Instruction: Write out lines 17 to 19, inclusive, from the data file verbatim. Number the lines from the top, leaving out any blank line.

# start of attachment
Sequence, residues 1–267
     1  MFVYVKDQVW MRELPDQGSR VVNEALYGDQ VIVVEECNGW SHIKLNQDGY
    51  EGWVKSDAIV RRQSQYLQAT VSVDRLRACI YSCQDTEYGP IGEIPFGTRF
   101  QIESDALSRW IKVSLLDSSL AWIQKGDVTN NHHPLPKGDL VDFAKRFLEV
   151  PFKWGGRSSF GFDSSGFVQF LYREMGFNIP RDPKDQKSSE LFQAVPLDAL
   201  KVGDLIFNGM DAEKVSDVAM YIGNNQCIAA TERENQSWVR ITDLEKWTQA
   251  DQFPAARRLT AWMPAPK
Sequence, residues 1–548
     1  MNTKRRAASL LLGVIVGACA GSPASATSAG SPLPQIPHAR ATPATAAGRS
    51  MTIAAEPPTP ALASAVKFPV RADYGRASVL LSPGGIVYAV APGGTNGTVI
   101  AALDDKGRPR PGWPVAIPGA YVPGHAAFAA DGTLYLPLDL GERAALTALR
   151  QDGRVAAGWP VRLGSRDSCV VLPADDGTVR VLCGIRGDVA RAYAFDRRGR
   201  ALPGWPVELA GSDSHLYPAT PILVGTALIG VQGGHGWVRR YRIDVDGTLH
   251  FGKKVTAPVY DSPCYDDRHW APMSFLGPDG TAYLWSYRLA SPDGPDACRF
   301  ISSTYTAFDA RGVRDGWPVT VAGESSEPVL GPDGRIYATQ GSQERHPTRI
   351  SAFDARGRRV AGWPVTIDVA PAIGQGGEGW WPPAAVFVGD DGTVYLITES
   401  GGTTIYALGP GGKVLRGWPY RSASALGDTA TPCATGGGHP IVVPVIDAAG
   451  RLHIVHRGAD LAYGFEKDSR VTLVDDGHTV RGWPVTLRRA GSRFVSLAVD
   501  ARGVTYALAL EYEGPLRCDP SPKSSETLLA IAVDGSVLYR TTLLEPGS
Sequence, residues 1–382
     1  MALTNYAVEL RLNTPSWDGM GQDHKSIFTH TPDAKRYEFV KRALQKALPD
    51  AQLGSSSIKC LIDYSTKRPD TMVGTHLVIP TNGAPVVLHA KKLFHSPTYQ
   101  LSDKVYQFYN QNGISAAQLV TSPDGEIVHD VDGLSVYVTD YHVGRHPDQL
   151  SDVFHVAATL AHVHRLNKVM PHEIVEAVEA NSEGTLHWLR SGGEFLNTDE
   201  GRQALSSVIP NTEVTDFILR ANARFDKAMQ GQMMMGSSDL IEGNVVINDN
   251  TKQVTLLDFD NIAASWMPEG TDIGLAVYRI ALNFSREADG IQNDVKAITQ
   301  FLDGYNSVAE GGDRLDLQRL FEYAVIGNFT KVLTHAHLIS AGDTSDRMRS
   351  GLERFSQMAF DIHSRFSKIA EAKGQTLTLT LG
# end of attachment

   401  GGTTIYALGP GGKVLRGWPY RSASALGDTA TPCATGGGHP IVVPVIDAAG
   451  RLHIVHRGAD LAYGFEKDSR VTLVDDGHTV RGWPVTLRRA GSRFVSLAVD
   501  ARGVTYALAL EYEGPLRCDP SPKSSETLLA IAVDGSVLYR TTLLEPGS